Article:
Identify by airplane characteristics








Below check the specific characteristics of the aircraft you are looking for. You can select multiple items for each characteristic. The results will be filtered automatically. 

Convair F-102 Delta Dagger

The Convair F-102 Delta Daggers have the same basic configuration as the Dassault Mirages, but are easily distinguished by the nearly triangular vertical stabiliser and the narrow oval shaped air intakes below the canopy, with an external plate in front to slow the supersonic air flow.

Convair F-106 Delta Dart

Clearly derived from the F-102 the F-106 Delta Dart mainly differs from its predecessor by the rectangular air intakes placed further aft (just before the wing leading edge) and the cut-off top of the vertical stabiliser, that now looks more similar to that of Mirages.

A fifty seat propliner with rectangular cabin windows, double wheel main landing gear retracting in the nacelles and a typical 1940s style vertical stabiliser with curved dorsal fin, leading edge and top. A key feature is the upward opening front cabin door.

Curtiss 48/51 Fledgling

The Fledgling was a rather conventional biplane with staggered wings of equal span braced with N-struts. It could have a tail wheel gear as well as one big float with outrigger floats. Typical is the leading edge of vertical stabiliser: it cuts inward with a curve at the curved rudder balance.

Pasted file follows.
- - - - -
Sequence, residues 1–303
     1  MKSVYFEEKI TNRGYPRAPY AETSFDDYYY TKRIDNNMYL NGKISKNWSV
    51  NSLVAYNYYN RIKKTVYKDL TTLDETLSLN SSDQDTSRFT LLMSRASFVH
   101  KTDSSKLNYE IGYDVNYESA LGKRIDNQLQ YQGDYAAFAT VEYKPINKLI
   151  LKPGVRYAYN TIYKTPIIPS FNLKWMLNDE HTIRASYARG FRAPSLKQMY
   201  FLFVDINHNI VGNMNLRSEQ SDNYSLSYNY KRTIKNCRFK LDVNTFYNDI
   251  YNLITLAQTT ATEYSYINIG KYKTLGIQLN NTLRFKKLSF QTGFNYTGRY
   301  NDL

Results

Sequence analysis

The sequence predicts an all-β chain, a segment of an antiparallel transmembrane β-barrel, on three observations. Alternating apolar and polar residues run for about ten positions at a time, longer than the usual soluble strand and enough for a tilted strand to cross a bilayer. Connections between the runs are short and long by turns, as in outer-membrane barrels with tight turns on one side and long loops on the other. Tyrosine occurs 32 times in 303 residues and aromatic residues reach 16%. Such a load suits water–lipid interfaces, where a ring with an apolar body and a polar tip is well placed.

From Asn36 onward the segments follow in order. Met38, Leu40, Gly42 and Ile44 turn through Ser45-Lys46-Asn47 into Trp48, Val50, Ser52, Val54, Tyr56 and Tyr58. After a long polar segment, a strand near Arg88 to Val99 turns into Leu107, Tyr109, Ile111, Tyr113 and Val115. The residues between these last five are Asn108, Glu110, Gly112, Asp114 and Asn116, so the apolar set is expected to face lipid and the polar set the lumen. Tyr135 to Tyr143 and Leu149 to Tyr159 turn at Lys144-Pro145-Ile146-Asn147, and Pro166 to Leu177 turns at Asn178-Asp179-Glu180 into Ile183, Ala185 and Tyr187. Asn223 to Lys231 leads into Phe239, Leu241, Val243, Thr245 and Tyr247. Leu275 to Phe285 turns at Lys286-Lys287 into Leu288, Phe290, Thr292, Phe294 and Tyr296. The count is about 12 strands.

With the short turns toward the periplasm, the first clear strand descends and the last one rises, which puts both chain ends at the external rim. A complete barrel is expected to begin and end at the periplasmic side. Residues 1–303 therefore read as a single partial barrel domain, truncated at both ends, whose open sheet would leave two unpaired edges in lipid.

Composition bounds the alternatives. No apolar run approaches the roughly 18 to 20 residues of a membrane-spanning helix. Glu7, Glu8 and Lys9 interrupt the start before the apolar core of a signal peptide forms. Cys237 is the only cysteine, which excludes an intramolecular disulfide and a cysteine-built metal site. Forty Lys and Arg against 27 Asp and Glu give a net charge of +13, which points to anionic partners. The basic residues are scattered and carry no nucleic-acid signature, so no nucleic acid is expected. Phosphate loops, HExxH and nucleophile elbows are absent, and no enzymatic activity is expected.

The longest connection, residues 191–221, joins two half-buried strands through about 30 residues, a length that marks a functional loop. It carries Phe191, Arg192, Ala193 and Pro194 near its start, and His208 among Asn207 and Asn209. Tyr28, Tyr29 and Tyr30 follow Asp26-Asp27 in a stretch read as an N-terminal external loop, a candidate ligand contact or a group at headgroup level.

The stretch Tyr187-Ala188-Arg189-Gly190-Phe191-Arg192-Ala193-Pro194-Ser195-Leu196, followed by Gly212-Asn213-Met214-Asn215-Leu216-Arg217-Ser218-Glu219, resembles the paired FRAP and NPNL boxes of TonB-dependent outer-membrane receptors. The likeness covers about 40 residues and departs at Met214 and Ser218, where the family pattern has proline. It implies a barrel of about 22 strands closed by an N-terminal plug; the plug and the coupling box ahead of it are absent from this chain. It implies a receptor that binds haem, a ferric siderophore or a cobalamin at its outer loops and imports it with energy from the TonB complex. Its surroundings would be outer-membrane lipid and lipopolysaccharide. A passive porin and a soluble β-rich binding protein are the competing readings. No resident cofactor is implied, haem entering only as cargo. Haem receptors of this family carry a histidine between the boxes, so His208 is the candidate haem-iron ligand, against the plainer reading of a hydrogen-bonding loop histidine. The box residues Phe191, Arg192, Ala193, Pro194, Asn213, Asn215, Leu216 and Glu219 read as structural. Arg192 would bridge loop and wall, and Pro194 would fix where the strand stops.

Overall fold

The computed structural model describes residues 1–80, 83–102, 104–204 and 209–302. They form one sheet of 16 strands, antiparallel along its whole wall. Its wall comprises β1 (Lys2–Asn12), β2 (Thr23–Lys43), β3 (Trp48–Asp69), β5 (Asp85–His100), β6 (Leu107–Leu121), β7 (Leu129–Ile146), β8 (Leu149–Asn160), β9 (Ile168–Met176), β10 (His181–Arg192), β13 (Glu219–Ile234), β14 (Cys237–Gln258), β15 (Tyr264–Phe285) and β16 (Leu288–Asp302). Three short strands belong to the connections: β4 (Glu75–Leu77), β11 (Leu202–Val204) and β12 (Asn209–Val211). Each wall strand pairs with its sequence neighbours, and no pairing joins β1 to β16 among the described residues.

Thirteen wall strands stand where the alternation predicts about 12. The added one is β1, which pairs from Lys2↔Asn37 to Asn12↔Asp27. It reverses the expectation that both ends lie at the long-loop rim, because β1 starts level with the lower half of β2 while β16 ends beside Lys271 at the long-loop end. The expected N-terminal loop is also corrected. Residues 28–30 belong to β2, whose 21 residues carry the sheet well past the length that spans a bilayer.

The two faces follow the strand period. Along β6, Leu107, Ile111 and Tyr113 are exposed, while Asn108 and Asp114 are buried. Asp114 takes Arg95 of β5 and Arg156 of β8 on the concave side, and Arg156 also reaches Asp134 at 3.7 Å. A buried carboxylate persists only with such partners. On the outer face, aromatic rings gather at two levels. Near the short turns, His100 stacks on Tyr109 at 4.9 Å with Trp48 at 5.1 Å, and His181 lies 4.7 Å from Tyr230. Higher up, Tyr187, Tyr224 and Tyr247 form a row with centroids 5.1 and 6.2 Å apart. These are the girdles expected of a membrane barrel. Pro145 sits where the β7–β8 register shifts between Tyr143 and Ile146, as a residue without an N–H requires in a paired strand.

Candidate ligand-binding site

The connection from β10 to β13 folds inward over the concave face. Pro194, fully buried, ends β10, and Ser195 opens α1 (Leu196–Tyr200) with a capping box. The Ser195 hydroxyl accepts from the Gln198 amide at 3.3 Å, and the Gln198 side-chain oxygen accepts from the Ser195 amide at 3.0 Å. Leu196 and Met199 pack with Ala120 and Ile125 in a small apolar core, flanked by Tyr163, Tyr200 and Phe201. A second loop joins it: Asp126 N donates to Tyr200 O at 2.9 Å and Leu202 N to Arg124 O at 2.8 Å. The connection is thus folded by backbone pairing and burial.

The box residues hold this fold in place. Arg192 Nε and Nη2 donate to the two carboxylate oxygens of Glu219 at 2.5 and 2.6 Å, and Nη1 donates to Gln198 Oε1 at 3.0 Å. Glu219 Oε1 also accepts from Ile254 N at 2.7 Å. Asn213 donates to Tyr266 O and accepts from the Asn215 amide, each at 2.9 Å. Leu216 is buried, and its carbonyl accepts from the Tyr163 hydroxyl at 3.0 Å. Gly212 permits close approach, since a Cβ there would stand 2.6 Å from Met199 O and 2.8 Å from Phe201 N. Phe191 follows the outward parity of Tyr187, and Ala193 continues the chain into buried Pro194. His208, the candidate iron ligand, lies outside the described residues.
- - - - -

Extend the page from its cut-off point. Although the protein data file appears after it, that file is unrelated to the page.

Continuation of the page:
Curtiss AT-9

The radial engine nacelles appear to be about as big as the short, rounded fuselage of the Curtiss Jeep, so that they appear disproportionally large. The propellers are in front of the nose, and the main gear is also close to the front. The horizontal stabilisers are attached to the vertical fin, but just above the rear fuselage.

Curtiss C-46 Commando

The Custiss Commando has two main characteristics to recognise it from other aircraft. These are the double-bouble fuselage, with an "eight-shaped" cross section, and the streamlined cockpit with many windows which is completely flush with the fuselage and nose.

Curtiss CW-22 (SNC-1)

With its main gear retracting rearward in fairings under the wings, the radial piston engine SNC is easy to recognise. The aircraft has a rather high canopy, of which the rear part slides open aft and slightly down. FInally, the fuselage tapers significantly after the canopy.

Curtiss F11C/BFC Goshawk

The Curtiss BFC bomber-fighter (originally F11C) has a cowling covered radial piston engine driving a three blade propeller. The fixed main gear has droplet shaped streamline covers on the inside.

Curtiss F7C Seahawk

The F7C looks similar to the F6C but has a radial piston engine as standard. The upper wings have a slight sweep angle, and both wings are not tapered. The wing and gear struts are relatively thick, with the legs of the N-frame between the upper and lower wings tilted outward.

Curtiss Hawk (F6C-1 - F6C-3 & P-1)

Unlike many of its contemporaries the Curtiss F6C-1 until F6C-3 (and land-based P-1) have a liquid cooled V-shaped piston engine which result in a rather streamlined nose except for the cooler intake underneath it. The tapered wings have a slightly swept leading edge and rounded tips, while the tail is rather low.